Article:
Why I use Linux

I’m not sure whether I wrote an article like this before. Either way, the Why I use Linux Project is a nice opportunity to write (again?) about this topic. History First of all, some history. I was introduced to “the other operating system” in grade 11 by a close friend of mine. At the time, I didn’t know a thing about computers. I just graduated middle school (“Realschule” in Germany) and started high school (“Gymnasium” in Germany) and made new friends.

How to improve your open source code (4) - API Design

This post was written during my trip through Iceland and published much latern than it was written. What is a nice and gold API. How is “nice” defined when it comes to library interfaces? That’s a question I want to discuss in this post and also, how you can create a nice API in your open source library without studying a topic like software architecture or similar.

Blueprint of a distributed social network on IPFS - and its problems

#matrix , #ipfs , #scuttlebutt and now #mastodon - We’re living in awesome times! centralization < decentralization/federation < distribution! #lovefortech (me, April 10, 2017, on mastodon) The idea With the rise of protocols like the matrix protocol, activitypub and others, decentralized social community platforms like matrix, mastodon and others gained power and were made real. I consider these platforms, especially mastodon and matrix, to be great steps into the future and am using both enthusiastically.

The development of a music taste

It is funny how a music taste changes over time. When I started listening to music extensively, which was about 10 years ago (at the time, the nickname “musicmatze” came up, btw), I mostly listened to German rap and HipHop. I did not listen to “known” artists at the time. Some names I can remember are Pidvalid, Syntheciser, End and Alligatoah (yeah kids, take that - I listened to Alligatoah before it was cool).

Why we need distributed issue tracking

This post was written during my trip through Iceland and published much latern than it was written. When writing my last entry, I argued that we need decentralized issue tracking. Here’s why. Why these things must be decentralized Issue tracking, bug tracking and of course pull request tracking (which could all be named “issue tracking”, btw) must, in my opinion, be decentralized. That’s not only because I think offline-first should be the way to go, even today in our always-connected and always-on(line) world.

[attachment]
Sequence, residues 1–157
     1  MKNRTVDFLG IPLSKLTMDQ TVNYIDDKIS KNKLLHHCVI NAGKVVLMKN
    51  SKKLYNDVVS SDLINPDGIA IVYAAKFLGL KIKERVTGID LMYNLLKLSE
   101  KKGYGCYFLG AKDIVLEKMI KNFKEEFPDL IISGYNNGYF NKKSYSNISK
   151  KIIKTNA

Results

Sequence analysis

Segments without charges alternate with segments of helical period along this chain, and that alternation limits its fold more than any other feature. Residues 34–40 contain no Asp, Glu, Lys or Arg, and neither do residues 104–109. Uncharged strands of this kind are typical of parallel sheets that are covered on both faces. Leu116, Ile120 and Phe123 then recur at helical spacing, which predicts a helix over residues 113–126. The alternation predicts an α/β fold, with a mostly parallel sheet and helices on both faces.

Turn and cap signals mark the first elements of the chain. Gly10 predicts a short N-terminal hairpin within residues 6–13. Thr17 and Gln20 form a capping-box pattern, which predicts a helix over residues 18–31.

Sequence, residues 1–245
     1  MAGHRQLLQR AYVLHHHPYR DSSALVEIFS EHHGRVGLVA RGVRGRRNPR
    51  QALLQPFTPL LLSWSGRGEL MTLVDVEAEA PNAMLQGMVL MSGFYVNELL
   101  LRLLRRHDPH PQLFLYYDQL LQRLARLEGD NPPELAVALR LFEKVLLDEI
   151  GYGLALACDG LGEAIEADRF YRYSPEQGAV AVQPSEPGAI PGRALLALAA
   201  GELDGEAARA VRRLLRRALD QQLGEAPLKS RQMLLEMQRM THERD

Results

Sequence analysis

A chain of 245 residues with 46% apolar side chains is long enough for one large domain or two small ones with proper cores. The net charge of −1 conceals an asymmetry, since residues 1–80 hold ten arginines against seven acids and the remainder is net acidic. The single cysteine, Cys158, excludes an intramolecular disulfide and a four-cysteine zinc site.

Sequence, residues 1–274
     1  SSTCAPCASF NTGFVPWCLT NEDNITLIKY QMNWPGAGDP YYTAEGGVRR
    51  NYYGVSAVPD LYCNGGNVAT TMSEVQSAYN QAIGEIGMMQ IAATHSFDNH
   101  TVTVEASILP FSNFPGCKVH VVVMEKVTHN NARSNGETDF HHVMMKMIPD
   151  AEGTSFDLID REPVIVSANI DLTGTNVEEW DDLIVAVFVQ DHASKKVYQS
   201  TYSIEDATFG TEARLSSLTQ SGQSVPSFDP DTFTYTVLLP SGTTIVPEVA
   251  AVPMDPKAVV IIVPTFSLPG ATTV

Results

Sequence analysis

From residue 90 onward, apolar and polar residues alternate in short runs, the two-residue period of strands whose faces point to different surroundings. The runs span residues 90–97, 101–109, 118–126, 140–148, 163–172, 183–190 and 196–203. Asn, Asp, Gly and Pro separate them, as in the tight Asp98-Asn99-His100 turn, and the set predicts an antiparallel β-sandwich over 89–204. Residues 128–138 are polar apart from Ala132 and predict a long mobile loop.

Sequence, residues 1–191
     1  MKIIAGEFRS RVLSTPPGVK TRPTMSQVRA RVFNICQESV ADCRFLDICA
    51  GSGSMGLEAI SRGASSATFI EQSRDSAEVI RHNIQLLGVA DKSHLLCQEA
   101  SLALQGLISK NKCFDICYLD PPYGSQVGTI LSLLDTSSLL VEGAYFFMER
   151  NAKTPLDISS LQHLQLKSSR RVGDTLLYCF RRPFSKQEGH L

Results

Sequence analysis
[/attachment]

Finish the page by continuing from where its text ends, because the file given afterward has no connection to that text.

How to improve your open source code (3) - Modularization

This post was written during my trip through Iceland. It is part of a series on how to improve ones open-source code. Topics (will) contain programming style, habits, project planning, management and everything that relates to these topics. Suggestions welcome. Please note that this is totally biased and might not represent the ideas of the broad community. When it comes to hobby projects in the open source world, one often works alone on the codebase.

CI first vs. Review first

This post was written during my trip through Iceland and published much latern than it was written. Almost all toolchains out there do a CI-first approach. There are clearly benefits for that, but maybe that’s not what one wants with their self-hosted solution for their OSS Projects? Here I try to summarize some thoughts. CI first CI first is convenient, of course. Take github and Travis as an example.

All we need for a self-hosting distributed open source programming toolchain

This post was written during my trip through Iceland and published much latern than it was written. From my last article on whether to move away from github with imag , you saw that I’m heavily thinking about this subject. In this post I want to summarize what I think we need for a completely self-hosted open source programming toolchain. Issue tracking Do we actually need this? For example, does the kernel do these things?

How to improve your open source code (2) - Function naming and size

This post was written during my trip through Iceland. It is part of a series on how to improve ones open-source code. Topics (will) contain programming style, habits, project planning, management and everything that relates to these topics. Suggestions welcome. Please note that this is totally biased and might not represent the ideas of the broad community. We’re slowly working ourselves up from if statements in the last episode of this article series to functions in this article.

Why I think about closing contributions to imag

This post was published on both my personal website and imag-pim.org. I’m thinking of closing contributions to imag since about two months. Here I want to explain why I think about this step and why I am tending into the direction of a “yes, let’s do that”. github is awesome First of all: github is awesome. It gives you absolutely great tools to build a repository and finally also an open source community around your codebase.